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Marsh sets up sidecar to write cat coverage

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NEW YORK—Clients of Marsh Inc. at the end of this month will have access to additional working-layer capacity for their global property catastrophe exposures through a new Bermuda-based facility created by the brokerage.

MaRI Ltd., an acronym for Marsh Risk Innovations, was developed in collaboration with Bermuda-based ACE Ltd., investment bank Morgan Stanley and law firm Willkie Farr & Gallagher L.L.P. MaRI will act as a sidecar in providing capacity through capital market investors, but, unlike typical sidecars, the facility will offer capacity directly to primary policyholders.

With ACE acting as a highly rated fronting company, MaRI will be able to directly assume cat risks such as windstorm and earthquake for Marsh clients, said Philip V. Moyles Jr., executive vp of Marsh in New York.

MaRI will begin writing cat risks Jan. 31 and expects to offer $400 million in capacity through May renewals, Mr. Moyles said. "Based on demand or market conditions, we could build $1 billion" of capacity for MaRI, he said.

While sidecars generally are designed to last only a few years, Marsh believes MaRI can operate longer term, Mr. Moyles said.

"There's a continuing need, at least in the next year or two," for vehicles to provide additional cat capacity, said Ed Zaccaria, president of ACE Global Underwriters in Philadelphia. "Beyond that, it's hard to say."

In monitoring the sharply contracting property insurance market during 2005 and 2006, Marsh considered "a myriad of options to help clients" get more catastrophe capacity, Mr. Moyles said.

"MaRI is an augmentation of capacity for our clients," said Bob Howe, Marsh's global property practice leader. "Clients have major issues obtaining wind capacity."

Bradley Wood, senior vp of risk management at Washington-based Marriott International Inc., said, "Any additional capacity and creative thinking around it would be welcomed" by risk managers. "Most risk managers are starved for more capacity but value the underwriting discipline insurers are taking. It requires more participants than ever before to meet the (insurance buyers') demands, from a price and stability standpoint."

ACE plans "to supplement MaRI's cover with our own," said Mr. Zaccaria. MaRI will offer up to $25 million in limits per property account, on ACE's admitted paper. This will be available within the first $35 million of coverage, and ACE could write "a meaningful piece" of that, offering coverage in addition to what is available through MaRI, he said.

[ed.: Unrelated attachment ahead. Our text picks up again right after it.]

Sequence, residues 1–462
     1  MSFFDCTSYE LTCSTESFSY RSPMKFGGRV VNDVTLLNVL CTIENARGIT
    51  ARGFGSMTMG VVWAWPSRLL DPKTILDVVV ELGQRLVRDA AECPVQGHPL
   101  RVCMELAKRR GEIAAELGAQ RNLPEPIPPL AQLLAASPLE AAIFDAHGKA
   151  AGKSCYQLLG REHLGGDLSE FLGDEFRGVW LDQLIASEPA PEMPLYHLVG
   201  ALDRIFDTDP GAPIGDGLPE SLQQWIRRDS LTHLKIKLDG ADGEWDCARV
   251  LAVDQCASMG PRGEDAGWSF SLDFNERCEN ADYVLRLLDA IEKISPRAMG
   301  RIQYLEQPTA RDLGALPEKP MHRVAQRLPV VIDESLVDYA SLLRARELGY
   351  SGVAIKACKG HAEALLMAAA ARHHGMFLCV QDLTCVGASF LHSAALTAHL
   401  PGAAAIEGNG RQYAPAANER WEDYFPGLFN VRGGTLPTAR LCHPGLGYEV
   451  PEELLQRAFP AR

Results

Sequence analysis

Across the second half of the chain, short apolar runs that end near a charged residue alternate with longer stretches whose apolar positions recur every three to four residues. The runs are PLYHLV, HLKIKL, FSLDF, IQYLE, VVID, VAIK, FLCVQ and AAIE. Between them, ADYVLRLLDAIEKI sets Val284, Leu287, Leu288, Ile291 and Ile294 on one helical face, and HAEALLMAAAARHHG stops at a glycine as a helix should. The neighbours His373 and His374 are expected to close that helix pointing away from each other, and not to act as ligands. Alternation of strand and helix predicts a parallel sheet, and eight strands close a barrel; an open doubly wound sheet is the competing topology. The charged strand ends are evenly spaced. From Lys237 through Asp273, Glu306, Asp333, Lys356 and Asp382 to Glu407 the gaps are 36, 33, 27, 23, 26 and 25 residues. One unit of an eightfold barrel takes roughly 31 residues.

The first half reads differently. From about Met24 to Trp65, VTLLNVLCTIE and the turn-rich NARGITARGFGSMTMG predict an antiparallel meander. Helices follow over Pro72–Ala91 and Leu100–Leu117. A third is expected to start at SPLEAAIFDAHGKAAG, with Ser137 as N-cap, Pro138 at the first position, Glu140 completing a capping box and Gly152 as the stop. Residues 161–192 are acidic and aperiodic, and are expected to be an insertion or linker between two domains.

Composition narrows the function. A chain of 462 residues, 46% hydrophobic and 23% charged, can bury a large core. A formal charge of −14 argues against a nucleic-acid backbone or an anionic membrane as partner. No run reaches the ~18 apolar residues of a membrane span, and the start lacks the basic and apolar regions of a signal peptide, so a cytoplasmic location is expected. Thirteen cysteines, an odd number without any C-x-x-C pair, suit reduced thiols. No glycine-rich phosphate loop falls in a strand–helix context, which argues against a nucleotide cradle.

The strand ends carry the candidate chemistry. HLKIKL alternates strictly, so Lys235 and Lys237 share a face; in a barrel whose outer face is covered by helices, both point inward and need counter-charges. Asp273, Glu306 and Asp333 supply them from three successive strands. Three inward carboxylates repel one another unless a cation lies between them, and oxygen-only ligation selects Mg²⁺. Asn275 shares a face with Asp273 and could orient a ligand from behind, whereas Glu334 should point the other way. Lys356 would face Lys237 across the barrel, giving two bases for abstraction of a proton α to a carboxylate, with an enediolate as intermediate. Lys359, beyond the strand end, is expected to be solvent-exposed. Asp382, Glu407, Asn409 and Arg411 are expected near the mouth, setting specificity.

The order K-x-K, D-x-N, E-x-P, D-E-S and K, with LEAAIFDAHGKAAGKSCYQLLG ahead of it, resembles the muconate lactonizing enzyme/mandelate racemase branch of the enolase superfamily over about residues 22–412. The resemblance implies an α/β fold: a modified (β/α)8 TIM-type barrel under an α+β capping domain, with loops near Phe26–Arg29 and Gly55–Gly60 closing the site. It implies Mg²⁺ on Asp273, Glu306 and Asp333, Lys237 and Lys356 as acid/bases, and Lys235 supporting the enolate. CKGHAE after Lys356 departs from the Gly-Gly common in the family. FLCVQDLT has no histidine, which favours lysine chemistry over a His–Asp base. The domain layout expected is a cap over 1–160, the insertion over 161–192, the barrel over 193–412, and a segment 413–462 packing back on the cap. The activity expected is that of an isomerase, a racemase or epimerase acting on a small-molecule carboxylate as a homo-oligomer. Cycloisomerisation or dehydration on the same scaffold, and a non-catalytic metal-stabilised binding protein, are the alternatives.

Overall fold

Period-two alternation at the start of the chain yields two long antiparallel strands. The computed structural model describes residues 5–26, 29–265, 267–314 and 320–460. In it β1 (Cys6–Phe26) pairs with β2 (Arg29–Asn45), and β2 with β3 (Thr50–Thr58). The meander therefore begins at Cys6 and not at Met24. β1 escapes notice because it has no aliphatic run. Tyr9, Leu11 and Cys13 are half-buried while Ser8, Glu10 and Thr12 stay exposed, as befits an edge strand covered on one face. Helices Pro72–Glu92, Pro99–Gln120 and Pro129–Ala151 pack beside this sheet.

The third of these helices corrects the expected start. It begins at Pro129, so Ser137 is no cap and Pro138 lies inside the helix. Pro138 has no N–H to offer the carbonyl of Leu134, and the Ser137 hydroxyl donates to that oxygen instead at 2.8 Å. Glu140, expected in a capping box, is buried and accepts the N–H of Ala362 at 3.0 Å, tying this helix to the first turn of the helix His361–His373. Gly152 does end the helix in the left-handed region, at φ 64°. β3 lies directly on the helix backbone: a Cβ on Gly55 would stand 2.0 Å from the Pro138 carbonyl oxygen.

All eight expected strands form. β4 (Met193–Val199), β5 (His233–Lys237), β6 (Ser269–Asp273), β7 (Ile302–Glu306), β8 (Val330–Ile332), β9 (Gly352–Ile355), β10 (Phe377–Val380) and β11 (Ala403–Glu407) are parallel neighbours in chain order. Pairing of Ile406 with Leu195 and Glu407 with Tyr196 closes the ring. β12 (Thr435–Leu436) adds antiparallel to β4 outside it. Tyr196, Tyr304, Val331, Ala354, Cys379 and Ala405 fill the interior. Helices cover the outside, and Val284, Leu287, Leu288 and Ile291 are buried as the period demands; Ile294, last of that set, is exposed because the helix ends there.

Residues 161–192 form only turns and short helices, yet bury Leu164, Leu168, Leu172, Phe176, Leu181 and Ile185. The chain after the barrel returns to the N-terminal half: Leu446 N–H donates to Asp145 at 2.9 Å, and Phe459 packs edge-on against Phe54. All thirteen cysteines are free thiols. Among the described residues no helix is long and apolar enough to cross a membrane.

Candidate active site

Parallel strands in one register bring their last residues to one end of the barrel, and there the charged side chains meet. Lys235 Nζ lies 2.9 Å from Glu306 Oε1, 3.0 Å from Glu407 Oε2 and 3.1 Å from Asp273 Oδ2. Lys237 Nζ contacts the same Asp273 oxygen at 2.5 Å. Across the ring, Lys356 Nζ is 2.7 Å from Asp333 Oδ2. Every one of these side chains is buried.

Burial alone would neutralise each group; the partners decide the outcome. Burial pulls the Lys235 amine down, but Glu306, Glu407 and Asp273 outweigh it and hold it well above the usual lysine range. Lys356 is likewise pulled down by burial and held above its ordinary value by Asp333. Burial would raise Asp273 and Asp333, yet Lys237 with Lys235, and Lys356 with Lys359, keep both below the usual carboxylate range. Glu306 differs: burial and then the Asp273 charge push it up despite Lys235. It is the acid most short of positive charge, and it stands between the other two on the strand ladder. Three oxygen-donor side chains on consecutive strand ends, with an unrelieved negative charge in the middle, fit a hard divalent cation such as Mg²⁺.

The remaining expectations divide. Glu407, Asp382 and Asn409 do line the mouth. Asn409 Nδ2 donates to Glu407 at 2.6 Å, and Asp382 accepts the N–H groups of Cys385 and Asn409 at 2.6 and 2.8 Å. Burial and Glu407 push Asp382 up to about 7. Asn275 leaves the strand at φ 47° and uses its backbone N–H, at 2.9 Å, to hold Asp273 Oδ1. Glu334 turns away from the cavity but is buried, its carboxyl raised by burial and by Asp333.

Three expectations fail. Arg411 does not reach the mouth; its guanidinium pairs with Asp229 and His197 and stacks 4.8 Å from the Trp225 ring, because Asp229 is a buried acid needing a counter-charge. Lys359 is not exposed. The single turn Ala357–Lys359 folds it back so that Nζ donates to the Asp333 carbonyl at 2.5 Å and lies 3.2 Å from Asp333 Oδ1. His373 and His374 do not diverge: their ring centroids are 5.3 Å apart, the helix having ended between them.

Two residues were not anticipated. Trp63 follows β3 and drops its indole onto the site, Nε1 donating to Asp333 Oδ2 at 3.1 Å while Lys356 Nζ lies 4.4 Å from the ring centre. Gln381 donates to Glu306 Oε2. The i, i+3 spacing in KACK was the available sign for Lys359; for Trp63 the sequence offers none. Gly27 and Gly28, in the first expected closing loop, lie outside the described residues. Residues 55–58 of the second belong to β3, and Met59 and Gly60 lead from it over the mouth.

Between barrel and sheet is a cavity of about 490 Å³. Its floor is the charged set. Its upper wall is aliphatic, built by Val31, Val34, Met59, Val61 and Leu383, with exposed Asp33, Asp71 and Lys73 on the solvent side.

Hector Mastrapa, who manages Marriott's property risk program as vp-insurance, said additional capacity is welcomed, but he hopes MaRI will be willing to "deploy that capacity elsewhere than in the primary layer. It's challenging as a company procuring insurance to find players to fill upper layers."

Although MaRI can write risks globally, Marsh expects most of the capacity will be used by North American clients. The only risk classes that MaRI does not plan to write are energy and stand-alone builders risk, Mr. Moyles said. "It's a broad-based application to serve clients."

Investors in MaRI include affiliates of Lehman Bros. and Marsh & McLennan Risk Capital Holdings. MaRI will be administered by Marsh unit Victor O. Schinnerer & Co.

To allay possible questions of Marsh directing business to a reinsurer in which a Marsh unit holds a stake, Mr. Moyles said, "There will be no incremental commission as Marsh is placing business into MaRI. Most Fortune 1000 clients are on a fee basis, so there is no incentive for our brokers to send business to MaRI. Marsh & McLennan will disclose to every client" its relationship with ACE, MaRI as well as Schinnerer, he said.

Schinnerer will receive fully disclosed profit commissions from MaRI's investor group six months after accounts close, Mr. Moyles said.

The chances of Marsh steering business to MaRI are eliminated, Mr. Moyles said, because any business placed into MaRI must be accepted by ACE, and Marsh protocol requires the broker to obtain clients' approval before placing any account. "If they opt to use MaRI, we'll need to get clients' approval before going to the market," he said.

Marsh's investment in MaRI is "not something I'm worrying about," said Mr. Mastrapa. "I don't see it driving" Marriott's coverage purchasing.